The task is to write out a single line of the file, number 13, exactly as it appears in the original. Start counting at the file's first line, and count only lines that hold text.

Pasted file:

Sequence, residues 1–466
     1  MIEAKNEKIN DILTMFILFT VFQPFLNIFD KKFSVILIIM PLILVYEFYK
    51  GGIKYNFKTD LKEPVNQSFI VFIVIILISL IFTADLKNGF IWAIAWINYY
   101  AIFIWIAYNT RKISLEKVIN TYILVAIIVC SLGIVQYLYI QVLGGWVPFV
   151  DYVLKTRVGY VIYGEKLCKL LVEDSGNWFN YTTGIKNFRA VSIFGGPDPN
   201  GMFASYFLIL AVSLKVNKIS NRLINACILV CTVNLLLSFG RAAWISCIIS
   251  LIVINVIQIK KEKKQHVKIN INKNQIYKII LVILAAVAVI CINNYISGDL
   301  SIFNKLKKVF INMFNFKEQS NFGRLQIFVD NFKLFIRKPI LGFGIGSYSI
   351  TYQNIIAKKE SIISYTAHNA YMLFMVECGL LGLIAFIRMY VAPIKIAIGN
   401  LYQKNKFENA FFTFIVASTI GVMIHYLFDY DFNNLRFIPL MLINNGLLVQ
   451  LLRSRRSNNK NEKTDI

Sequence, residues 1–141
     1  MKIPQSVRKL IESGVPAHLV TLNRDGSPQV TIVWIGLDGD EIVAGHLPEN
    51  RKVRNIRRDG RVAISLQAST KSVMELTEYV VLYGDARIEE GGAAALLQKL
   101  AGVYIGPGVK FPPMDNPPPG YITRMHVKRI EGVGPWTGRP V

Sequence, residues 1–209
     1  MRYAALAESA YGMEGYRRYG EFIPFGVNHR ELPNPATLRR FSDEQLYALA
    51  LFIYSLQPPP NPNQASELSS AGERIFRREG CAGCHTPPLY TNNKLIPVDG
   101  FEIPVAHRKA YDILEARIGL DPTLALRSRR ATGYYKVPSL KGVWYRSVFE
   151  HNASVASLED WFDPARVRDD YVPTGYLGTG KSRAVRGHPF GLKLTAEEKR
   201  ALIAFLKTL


     1  MKIPQSVRKL IESGVPAHLV TLNRDGSPQV TIVWIGLDGD EIVAGHLPEN